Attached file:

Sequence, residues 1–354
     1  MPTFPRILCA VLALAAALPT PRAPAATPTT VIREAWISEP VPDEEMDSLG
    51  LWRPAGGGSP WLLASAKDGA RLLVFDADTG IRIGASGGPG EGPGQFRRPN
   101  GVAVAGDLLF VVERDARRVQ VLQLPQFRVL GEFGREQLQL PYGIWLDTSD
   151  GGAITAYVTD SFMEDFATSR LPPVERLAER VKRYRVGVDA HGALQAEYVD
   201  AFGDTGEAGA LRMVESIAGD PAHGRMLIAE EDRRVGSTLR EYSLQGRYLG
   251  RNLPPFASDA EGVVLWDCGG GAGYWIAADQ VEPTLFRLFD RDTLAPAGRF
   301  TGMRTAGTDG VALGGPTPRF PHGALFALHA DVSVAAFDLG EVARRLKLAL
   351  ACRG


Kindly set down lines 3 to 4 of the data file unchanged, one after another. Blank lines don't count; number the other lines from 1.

    51  LWRPAGGGSP WLLASAKDGA RLLVFDADTG IRIGASGGPG EGPGQFRRPN
   101  GVAVAGDLLF VVERDARRVQ VLQLPQFRVL GEFGREQLQL PYGIWLDTSD